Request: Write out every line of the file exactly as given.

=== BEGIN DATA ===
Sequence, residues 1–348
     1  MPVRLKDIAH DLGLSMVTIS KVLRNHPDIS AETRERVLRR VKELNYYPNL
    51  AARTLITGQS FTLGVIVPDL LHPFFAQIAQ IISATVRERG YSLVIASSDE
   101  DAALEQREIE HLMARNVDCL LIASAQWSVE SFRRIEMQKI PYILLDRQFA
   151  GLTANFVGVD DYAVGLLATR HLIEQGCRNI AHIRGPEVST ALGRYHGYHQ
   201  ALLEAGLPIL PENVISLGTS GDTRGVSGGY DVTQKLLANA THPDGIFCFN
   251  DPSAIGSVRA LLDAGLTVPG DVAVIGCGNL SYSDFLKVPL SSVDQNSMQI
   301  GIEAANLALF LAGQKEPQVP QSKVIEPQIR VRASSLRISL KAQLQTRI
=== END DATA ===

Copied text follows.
Sequence, residues 1–348
     1  MPVRLKDIAH DLGLSMVTIS KVLRNHPDIS AETRERVLRR VKELNYYPNL
    51  AARTLITGQS FTLGVIVPDL LHPFFAQIAQ IISATVRERG YSLVIASSDE
   101  DAALEQREIE HLMARNVDCL LIASAQWSVE SFRRIEMQKI PYILLDRQFA
   151  GLTANFVGVD DYAVGLLATR HLIEQGCRNI AHIRGPEVST ALGRYHGYHQ
   201  ALLEAGLPIL PENVISLGTS GDTRGVSGGY DVTQKLLANA THPDGIFCFN
   251  DPSAIGSVRA LLDAGLTVPG DVAVIGCGNL SYSDFLKVPL SSVDQNSMQI
   301  GIEAANLALF LAGQKEPQVP QSKVIEPQIR VRASSLRISL KAQLQTRI